Sunday, August 24, 2008

Wettick Waiting (not much longer?)

Many people have forgotten the legal case in which Judge Wettick ruled against the constitutionality of the base year assessment system presently in use for property assessments in Allegheny County. It also happens to be the system in use throughout most of the rest of the state.

Per the State Supreme Court docket for the case, it looks to me like oral arguments in the base year assessment appeal were finally slated for scheduling last month. Maybe I missed something in the local news, but I see no mention of the case's status anywhere. This is big big big news! Consider that if Judge Wettick’s ruling is affirmed then it could throw asunder the basis of local public finance in just about every county, municipality and in particular every school district across the state. I really am befuddled why it has not received more coverage than it has. not just here, but elsewhere in the state.

I have discussed some of the oddities of local property assessment history in the past here, here, and here among other places. So I'll skip the history lesson which really is important though in understanding how we got to this point.

I will leave the legal merits for other to argue over for the moment, but I myself would be incredulous that the supreme court would rule in a way that would upset decades (arguably centuries since the basis of property tax collection in Pennsylvania goes back to the 17th century I do believe) of public finance status quo. At the same time I am told that Judge Wettick has never been overruled on appeal. I can't confirm that myself. How those things balance out, or whether they matter at all I dunno.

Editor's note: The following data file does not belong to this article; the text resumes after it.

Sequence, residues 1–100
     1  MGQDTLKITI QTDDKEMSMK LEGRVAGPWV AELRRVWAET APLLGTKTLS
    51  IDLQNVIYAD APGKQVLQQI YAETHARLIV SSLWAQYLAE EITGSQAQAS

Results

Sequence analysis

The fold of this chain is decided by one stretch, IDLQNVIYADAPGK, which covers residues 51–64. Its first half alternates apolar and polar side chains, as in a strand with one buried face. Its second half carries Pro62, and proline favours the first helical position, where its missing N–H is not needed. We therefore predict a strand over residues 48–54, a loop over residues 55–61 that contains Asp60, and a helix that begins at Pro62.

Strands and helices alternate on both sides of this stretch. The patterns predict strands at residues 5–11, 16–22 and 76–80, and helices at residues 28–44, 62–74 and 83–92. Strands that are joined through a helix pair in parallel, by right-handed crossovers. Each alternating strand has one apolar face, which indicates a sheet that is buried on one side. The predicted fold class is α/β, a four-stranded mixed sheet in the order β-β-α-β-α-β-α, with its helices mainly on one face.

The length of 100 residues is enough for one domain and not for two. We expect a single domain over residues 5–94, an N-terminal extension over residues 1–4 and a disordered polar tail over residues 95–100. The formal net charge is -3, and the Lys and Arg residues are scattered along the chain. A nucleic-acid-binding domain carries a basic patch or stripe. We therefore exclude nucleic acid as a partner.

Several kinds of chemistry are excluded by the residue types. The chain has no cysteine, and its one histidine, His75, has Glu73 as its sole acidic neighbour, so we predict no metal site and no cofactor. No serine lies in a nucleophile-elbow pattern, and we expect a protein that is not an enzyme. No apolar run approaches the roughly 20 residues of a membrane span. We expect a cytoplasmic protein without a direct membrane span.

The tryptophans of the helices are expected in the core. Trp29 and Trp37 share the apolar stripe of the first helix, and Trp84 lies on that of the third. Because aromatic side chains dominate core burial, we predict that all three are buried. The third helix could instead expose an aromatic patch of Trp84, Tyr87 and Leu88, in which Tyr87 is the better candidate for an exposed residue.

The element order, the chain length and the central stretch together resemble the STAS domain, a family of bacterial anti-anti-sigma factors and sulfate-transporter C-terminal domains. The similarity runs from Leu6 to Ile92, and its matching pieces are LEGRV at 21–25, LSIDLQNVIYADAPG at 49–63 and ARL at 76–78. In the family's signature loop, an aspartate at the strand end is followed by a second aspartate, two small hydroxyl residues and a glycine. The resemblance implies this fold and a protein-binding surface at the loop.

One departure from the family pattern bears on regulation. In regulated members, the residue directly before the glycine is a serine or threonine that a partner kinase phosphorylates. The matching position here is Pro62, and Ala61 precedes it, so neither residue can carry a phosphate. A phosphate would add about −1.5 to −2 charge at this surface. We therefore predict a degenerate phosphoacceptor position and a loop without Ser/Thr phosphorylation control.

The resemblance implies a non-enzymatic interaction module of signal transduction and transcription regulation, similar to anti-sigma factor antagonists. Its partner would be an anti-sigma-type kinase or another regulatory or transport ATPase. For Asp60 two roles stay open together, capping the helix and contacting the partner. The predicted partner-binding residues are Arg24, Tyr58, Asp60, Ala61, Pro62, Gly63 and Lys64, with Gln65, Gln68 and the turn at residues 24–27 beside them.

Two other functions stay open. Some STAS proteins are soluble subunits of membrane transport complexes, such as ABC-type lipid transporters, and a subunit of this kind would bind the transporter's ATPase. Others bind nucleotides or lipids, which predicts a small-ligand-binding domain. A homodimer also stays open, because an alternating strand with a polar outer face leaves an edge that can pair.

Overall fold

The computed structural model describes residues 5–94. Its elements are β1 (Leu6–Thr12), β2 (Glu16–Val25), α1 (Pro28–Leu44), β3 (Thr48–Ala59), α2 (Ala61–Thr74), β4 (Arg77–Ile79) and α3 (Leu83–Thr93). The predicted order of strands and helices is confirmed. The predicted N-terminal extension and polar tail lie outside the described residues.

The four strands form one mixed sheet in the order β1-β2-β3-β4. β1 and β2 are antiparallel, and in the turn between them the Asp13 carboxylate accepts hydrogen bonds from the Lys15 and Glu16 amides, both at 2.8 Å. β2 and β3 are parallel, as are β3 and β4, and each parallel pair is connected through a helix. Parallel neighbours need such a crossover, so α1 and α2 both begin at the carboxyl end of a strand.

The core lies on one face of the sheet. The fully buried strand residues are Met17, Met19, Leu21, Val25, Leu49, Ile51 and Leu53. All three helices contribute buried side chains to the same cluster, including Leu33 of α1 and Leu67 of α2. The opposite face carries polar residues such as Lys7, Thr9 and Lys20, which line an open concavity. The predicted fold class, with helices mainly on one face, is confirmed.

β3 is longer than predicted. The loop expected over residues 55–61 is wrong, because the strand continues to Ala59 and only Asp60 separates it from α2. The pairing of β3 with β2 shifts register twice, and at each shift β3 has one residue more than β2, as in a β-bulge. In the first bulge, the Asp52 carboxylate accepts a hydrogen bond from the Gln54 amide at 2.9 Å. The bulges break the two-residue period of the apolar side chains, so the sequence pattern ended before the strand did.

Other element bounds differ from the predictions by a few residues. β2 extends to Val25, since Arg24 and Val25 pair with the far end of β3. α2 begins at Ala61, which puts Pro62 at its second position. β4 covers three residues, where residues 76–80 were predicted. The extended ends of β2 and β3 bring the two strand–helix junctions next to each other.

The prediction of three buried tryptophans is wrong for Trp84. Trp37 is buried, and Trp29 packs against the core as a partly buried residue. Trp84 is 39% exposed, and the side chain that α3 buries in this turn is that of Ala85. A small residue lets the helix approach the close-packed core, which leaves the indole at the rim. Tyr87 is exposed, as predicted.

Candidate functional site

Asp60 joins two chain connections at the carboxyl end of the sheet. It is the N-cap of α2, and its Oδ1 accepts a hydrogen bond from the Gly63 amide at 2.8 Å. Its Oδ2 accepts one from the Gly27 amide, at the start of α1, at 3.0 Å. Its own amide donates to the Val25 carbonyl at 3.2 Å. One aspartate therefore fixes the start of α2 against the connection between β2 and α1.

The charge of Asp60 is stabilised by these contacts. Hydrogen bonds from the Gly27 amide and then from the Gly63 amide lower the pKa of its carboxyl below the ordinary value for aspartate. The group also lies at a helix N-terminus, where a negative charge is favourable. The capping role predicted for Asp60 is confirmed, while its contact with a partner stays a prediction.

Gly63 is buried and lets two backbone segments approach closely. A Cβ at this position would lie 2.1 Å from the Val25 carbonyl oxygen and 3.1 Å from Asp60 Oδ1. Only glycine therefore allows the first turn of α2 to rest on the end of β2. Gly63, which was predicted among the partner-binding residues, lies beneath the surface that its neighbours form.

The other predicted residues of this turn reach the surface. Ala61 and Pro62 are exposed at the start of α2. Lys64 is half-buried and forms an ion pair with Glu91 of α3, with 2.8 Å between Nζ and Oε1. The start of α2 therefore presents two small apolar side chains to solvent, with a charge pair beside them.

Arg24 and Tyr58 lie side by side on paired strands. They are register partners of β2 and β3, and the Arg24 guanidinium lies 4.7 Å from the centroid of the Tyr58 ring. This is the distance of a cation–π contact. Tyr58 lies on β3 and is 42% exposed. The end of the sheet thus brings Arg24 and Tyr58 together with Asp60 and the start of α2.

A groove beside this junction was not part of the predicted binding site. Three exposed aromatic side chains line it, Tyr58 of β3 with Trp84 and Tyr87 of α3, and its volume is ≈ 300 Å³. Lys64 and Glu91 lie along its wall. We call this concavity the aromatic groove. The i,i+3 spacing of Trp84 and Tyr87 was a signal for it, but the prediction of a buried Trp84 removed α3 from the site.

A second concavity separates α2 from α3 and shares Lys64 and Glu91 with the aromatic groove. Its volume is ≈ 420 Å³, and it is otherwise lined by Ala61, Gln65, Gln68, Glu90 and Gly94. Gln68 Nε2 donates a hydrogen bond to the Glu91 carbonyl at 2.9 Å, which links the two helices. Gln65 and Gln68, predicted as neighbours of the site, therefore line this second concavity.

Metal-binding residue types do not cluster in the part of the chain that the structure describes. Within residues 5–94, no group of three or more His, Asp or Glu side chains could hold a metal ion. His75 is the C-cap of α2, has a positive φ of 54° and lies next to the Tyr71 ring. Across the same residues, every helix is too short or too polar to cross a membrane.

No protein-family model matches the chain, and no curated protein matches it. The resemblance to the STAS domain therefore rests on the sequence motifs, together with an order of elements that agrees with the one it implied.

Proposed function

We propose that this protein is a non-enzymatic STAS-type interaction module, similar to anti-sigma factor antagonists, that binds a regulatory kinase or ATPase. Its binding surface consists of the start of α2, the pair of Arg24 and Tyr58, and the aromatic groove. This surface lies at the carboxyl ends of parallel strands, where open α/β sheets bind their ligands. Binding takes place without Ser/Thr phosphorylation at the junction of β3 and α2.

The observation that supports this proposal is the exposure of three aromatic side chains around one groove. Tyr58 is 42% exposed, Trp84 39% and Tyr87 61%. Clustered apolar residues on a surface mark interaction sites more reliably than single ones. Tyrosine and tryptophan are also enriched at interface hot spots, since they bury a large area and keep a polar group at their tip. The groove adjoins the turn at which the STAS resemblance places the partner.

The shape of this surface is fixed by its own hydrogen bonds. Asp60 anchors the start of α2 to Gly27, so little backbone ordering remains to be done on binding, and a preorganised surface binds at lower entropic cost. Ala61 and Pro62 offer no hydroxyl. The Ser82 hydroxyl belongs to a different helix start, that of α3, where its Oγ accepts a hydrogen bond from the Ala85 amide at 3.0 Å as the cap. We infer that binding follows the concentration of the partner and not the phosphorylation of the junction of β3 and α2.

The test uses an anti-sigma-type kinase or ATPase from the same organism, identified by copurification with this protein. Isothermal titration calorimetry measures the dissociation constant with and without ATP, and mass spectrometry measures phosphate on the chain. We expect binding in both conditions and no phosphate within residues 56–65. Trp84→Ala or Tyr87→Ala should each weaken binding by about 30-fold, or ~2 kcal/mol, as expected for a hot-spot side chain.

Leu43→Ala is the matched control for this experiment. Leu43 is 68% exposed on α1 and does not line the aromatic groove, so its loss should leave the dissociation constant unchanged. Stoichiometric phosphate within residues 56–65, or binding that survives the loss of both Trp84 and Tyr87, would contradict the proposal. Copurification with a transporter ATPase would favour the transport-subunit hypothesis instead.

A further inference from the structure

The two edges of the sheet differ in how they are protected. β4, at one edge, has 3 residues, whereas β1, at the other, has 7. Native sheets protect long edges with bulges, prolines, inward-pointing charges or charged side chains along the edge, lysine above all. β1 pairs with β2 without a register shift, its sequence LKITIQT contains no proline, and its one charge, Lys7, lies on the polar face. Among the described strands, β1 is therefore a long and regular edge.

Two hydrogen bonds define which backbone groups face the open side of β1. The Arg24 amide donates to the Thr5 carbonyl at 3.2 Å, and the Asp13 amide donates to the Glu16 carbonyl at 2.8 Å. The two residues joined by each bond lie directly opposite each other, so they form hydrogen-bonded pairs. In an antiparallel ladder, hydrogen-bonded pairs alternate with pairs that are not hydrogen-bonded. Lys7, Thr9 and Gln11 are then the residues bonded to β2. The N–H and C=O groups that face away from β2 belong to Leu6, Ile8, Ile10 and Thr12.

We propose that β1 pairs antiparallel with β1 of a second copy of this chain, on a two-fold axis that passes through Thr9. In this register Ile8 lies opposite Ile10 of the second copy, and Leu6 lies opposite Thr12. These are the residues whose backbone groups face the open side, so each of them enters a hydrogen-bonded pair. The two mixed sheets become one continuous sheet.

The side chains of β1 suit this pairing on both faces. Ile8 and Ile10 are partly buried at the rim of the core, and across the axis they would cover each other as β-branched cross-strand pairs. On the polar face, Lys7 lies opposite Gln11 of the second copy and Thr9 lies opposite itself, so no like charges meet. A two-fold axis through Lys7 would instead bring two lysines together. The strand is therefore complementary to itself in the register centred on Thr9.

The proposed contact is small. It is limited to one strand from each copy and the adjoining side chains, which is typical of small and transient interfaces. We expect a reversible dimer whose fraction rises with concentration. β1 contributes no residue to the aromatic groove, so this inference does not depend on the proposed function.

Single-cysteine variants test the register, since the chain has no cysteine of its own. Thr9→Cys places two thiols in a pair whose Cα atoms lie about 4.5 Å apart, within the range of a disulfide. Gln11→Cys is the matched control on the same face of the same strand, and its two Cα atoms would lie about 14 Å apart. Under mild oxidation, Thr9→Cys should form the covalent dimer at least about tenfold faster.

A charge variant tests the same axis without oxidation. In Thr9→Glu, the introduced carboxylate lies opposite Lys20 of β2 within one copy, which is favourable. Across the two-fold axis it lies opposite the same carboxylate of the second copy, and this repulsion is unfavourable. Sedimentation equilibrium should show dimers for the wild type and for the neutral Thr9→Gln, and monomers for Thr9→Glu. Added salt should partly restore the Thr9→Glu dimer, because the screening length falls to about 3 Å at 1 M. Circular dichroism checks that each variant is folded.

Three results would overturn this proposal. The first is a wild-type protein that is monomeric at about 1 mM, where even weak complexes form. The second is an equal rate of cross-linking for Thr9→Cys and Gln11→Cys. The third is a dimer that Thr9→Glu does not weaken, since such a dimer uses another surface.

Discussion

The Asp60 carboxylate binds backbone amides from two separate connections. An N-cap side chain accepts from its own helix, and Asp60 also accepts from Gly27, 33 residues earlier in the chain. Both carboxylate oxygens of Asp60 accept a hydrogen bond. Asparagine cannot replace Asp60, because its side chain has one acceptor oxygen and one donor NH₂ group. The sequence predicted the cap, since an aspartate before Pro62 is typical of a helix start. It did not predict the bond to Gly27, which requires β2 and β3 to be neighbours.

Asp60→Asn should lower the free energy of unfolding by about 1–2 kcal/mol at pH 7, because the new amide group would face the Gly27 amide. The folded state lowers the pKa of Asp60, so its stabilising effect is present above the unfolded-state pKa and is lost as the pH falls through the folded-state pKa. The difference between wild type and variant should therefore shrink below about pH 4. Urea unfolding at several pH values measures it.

Property assessment a single policy issue that affects nearly everyone in Pennsylvania. Every homeowner in the state could see vastly different tax (some higher but some lower) than they have received for decades in some cases. Even if you are not a property owner, nearly every school district and municipality in the state relies on property taxes and could see a vastly different tax base if statewide mass reassessments were mandated. And while this would all be seminal for Pennsylvania, it really is the standard elsewhere. What is ironic is that for how lax Ohio has been at regulating subprime loans and predatory lending to the degree that global financial markets have been impacted, they have been great at implementing property assessment standards. Ohio properties must be assessed every 6 years I do believe, thus inhibiting the type of asymmetries that define property assessment across Pennsylvania.

and I won't even begin to address the political implications of all of this.. There is going to be a governor's race not too long in the future. Could this be issue number one in that race? Depends on what the Supreme court eventually decides. Given the glacial pace of the entire assessment case, even with an expedited appeal to the supreme court, I can't begin to predict when that final ruling will come.


Anonymous Anonymous said...

Oral Arguments are scheduled for September 10, 2008 (bottom of p. 4). The opinion should be published some time next spring, then.

Monday, August 25, 2008 8:45:00 PM  

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